He began by stating that “Thanksgiving is the heart posture of every follower of Jesus Christ that’s necessary for us to combat fear and to combat stress in a lack of relational peace in our hearts… [it’s] that posture that we must have to enter into right relationship with God and right relationships with others.”
Jeff went on to point out that 2017 has been a crazy year, personally, nationally, and globally. With so many unsettling things going on, it’s easy for us to focus on the things that are broken. However, when we spend our time dwelling on what’s not right, that leaves no room in our hearts to think on those things that are good, right, and true.
“Thankfulness fuels our lives; our relationship Jesus and with others,” Jeff said. “It is an activity of the heart that is indispensable.”
Thankfulness is indispensable because it fights that tendency in our mind to dwell on stress on brokenness. While our culture may consider Thanksgiving a forgettable holiday, the simple act of giving thanks can “alleviate stress, reduce fatigue, and clear our minds,” and in the mind is where the battle lies. Taking time to still our thoughts and give thanks is a “declaration on the mind that our default to ingratitude has a challenger… Where Jesus is, ingratitude cannot reign.”
Jeff then took us to Philippians 4:5-8. “The Lord is at hand. Do not be anxious about anything, but in everything by prayer and supplication with thanksgiving let your requests be made known to God. And the peace of God, which surpasses all understanding, will guard your hearts and minds in Christ Jesus. Finally, brothers, whatever is true, whatever is honorable, whatever is commendable, if there is any excellence, if there is anything worthy of praise, think about these things.”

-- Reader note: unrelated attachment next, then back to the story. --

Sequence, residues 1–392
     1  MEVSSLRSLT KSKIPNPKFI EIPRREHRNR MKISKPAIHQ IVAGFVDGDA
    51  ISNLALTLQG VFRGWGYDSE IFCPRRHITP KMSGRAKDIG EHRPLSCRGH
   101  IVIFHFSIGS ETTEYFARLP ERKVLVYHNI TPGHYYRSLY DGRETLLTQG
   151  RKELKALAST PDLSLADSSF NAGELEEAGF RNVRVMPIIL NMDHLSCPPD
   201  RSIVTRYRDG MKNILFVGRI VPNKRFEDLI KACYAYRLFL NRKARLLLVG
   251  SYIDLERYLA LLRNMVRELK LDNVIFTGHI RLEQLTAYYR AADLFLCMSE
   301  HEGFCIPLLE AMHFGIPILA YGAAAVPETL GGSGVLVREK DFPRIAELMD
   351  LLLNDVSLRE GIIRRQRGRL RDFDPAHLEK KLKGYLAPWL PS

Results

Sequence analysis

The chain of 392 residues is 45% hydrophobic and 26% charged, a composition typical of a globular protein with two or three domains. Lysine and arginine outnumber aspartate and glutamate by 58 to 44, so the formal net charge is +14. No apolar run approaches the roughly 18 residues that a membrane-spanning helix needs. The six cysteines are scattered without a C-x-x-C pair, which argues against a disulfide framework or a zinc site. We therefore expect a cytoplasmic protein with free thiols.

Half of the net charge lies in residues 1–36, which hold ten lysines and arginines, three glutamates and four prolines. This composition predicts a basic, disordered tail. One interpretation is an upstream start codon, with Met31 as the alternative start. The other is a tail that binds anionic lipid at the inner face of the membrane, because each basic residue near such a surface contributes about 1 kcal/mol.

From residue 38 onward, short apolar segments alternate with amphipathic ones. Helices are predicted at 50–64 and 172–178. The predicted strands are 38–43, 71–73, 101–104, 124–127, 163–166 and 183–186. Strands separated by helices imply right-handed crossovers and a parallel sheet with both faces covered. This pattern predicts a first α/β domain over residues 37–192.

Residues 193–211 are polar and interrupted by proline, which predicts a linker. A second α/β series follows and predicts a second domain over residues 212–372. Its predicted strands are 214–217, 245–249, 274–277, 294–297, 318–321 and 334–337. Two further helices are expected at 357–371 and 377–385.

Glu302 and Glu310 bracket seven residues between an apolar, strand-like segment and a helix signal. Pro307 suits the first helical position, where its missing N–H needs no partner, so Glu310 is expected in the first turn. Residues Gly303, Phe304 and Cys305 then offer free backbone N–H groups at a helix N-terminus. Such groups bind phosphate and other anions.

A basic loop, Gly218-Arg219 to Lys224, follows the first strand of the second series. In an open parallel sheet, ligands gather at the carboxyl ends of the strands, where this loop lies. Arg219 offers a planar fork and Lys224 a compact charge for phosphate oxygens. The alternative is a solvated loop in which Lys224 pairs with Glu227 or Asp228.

Jeff reminds us that we are called to live in a love relationship with God and to think on things that matter eternally. Our battle begins in the mind; what are we choosing to think about, or what are we choosing not to think about because of the culture of trivia and entertainment in which we live? If we spend time dwelling on things that are true and eternally significant, we will be drawn into an attitude of prayerfulness.
We then looked at Hebrews 12:28-29. “Therefore, let us be grateful for receiving a kingdom that cannot be shaken, and thus let us offer to God acceptable worship, with reverence and awe, for our God is a consuming fire.”
We see that we are called to gratefulness, and Jeff then took us back to the beginning of the chapter to see what the “therefore” is there for.
- In verse 1-3, we see Jesus, “the author and perfecter of our faith, who for the joy set before Him, endured the cross…” Our example is Jesus. When we struggle with dwelling on brokenness, we look back to Jesus.
- Verses 4-17 impress upon us the importance of endurance, in the face of what the culture throws at us, and in spite of any circumstance, we endure, looking at Jesus as our example.
- Verses 18-27, paraphrased by Jeff, is “it’s glorious, y’all.” These verses go on to describe Jesus sitting at the right hand of the Father, the heavenly Jerusalem, innumerable angels in festal gathering, and the spirits of the righteous made perfect. When we look to Jesus, and when we set our minds on eternal things, a thankfuel heart is the result.